FEB 22, 2017 06:00 AM PST
Mate-pair next generation sequencing as a powerful clinical tool for the characterization of cancer
Presented at the Precision Medicine 2017 Virtual Event
CONTINUING EDUCATION (CME/CE/CEU) CREDITS: CME | P.A.C.E. CE | Florida CE
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Speakers:
  • Professor and Consultant at Mayo Clinic
    Biography
      David I Smith received his B.S. in Mathematics and Molecular Biology from the University of Wisconsin in Madison. He then received his Ph.D. for the Department of Biochemistry also at the University of Wisconsin in Madison. After several postdoctoral positions he got his first academic appointment at Wayne State University. In 1996 he joined the Mayo Clinic in the Department of Laboratory Medicine and Pathology as Professor and Consultant. He was also appointed as the head of the Cancer Genetics Program for the Mayo Clinic Cancer Center. His research focuses on the role that the common fragile sties play in cancer development. His laboratory also works on the various roles that human papillomavirus plays in the development of different cancers. Dr. Smith is also the Chairman of the Technology Assessment Group for the Mayo Clinic Center for Individualized Medicine. The responsibility of this group is to evaluate new technologies for their potential impact on research and its' clinical translation. His laboratory utilizes next generation sequencing to characterize the molecular alterations that occur during the development of cancer. They also have been using the powerful technique of mate-pair next generation sequencing (MP-Seq) to characterize the physical status of HPV in different HPV-driven cancers.

    Abstract:

    Recent advances in DNA sequencing have now made it possible to characterize genomes, transcriptomes and even methylomes which is transforming both basic research and clinical practice. Whole genome sequencing (WGS) is a powerful tool to analyze molecular alterations that occur during the development of cancer, but there are a number of challenges to using WGS as a clinical tool. A practical alternative to WGS is the utilization of mate-pair next generation sequencing (MP-Seq) which can be done for a fraction of the cost of WGS. We have been using MP-Seq to characterize the different roles that human papillomavirus (HPV) plays in the development of different cancers. The cancer that we have been studying is oropharyngeal squamous cell carcinoma (OPSCC) as this cancer is increasingly caused by infection with HPV and there has been an epidemic increase in the incidence of this cancer. We utilized MP-Seq to analyze a group of HPV-positive OPSCCs. What we have found is that HPV is integrated into the genome of OPSCCs in only 30% of these cancers, which is quite distinct from what is observed in cervical cancer. In addition, we have found that the highly unstable common fragile sites and the large genes contained within these regions are hot-spots both for viral integrations and for other alterations in these cancers. Several large common fragile site genes are consistently altered in these cancers. MP-Seq can also determine genome-wide molecular alterations and these alterations can be utilized as cancer-specific markers for the detection of circulating tumor-free DNA from the blood of these patients. This could provide a powerful tool for the development of the liquid biopsy to monitor cancer-treatment of these patients. We will discuss how MP-Seq could thus become a powerful clinical tool for the characterization of genomic alterations in cancer and the development of the liquid biopsy.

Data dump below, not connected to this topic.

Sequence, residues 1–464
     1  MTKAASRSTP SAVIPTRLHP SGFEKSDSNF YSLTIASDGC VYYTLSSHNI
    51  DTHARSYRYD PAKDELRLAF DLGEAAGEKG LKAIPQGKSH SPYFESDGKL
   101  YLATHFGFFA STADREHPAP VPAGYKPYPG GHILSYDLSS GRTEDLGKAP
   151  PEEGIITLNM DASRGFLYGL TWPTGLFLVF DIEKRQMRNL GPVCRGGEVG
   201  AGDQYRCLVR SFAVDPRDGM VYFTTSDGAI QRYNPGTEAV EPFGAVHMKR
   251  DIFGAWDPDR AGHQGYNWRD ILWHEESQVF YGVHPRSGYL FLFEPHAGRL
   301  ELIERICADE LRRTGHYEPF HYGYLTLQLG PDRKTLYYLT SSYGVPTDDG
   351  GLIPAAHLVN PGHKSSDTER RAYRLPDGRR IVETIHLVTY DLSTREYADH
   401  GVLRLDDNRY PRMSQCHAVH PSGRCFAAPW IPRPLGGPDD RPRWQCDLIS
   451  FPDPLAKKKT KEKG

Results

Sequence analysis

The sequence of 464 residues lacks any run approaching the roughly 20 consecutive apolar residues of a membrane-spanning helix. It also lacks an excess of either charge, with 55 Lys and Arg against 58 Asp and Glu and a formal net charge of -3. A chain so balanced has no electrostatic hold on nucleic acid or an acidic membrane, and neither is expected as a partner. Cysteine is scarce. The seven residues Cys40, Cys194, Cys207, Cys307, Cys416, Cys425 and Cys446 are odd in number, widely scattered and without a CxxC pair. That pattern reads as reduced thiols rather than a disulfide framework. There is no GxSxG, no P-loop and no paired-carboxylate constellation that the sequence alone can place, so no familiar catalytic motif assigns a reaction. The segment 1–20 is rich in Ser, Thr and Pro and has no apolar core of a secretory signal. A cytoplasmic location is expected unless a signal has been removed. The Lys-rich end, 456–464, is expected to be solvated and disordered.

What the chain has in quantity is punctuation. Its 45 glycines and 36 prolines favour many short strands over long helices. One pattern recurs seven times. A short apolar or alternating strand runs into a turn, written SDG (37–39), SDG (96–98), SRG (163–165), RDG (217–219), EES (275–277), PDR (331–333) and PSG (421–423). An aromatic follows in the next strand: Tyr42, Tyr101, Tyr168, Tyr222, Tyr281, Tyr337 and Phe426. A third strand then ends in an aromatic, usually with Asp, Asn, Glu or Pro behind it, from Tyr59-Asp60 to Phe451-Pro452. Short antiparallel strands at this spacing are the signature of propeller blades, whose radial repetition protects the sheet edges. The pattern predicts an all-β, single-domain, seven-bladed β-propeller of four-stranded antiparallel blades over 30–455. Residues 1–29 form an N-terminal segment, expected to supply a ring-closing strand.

Learning Objective 1: Understand how MP-Seq can provide important information about genomic alterations in cancer

    Learning Objective 2: Learn about how HPV is involved in the development of different cancers

    Learning Objective 3: Learn about how MP-Seq can be a powerful tool to aid in the development of the liquid biopsy

     


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